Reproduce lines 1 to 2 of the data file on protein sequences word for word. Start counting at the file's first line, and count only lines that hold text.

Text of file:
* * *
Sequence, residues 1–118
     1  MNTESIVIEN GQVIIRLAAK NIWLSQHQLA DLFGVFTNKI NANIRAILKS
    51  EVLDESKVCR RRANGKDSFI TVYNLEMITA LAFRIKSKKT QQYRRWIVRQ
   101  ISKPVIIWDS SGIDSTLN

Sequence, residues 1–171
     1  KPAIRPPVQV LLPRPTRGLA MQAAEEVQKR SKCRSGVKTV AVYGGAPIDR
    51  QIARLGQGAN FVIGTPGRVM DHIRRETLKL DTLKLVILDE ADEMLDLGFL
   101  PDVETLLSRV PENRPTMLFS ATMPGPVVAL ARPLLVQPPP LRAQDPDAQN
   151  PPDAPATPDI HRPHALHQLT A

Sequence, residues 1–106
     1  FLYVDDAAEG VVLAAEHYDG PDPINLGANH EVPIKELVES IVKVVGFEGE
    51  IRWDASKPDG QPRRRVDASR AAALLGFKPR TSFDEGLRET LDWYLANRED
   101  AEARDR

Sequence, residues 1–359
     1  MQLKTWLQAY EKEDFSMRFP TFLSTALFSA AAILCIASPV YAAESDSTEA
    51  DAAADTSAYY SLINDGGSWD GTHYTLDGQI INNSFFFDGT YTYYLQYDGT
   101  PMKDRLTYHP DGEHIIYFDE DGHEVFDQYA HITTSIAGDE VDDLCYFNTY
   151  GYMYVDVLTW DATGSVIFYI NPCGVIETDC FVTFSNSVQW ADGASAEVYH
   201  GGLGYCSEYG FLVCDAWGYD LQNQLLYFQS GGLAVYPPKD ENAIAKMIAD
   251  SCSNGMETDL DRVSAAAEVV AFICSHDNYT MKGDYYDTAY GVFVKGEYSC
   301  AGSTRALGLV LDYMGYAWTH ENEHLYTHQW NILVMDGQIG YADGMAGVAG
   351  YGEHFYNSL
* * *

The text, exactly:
Sequence, residues 1–118
     1  MNTESIVIEN GQVIIRLAAK NIWLSQHQLA DLFGVFTNKI NANIRAILKS